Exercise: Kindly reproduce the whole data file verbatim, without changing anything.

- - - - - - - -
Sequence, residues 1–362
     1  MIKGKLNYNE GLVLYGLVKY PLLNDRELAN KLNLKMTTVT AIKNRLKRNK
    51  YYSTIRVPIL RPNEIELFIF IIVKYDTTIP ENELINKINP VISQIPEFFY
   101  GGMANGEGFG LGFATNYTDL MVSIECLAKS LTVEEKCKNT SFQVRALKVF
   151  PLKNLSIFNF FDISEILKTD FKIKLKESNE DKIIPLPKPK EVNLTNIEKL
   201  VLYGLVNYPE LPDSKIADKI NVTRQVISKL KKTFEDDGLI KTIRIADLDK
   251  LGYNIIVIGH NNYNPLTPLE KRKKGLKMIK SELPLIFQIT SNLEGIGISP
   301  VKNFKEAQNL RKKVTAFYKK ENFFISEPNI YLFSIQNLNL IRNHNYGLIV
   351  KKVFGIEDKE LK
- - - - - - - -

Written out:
Sequence, residues 1–362
     1  MIKGKLNYNE GLVLYGLVKY PLLNDRELAN KLNLKMTTVT AIKNRLKRNK
    51  YYSTIRVPIL RPNEIELFIF IIVKYDTTIP ENELINKINP VISQIPEFFY
   101  GGMANGEGFG LGFATNYTDL MVSIECLAKS LTVEEKCKNT SFQVRALKVF
   151  PLKNLSIFNF FDISEILKTD FKIKLKESNE DKIIPLPKPK EVNLTNIEKL
   201  VLYGLVNYPE LPDSKIADKI NVTRQVISKL KKTFEDDGLI KTIRIADLDK
   251  LGYNIIVIGH NNYNPLTPLE KRKKGLKMIK SELPLIFQIT SNLEGIGISP
   301  VKNFKEAQNL RKKVTAFYKK ENFFISEPNI YLFSIQNLNL IRNHNYGLIV
   351  KKVFGIEDKE LK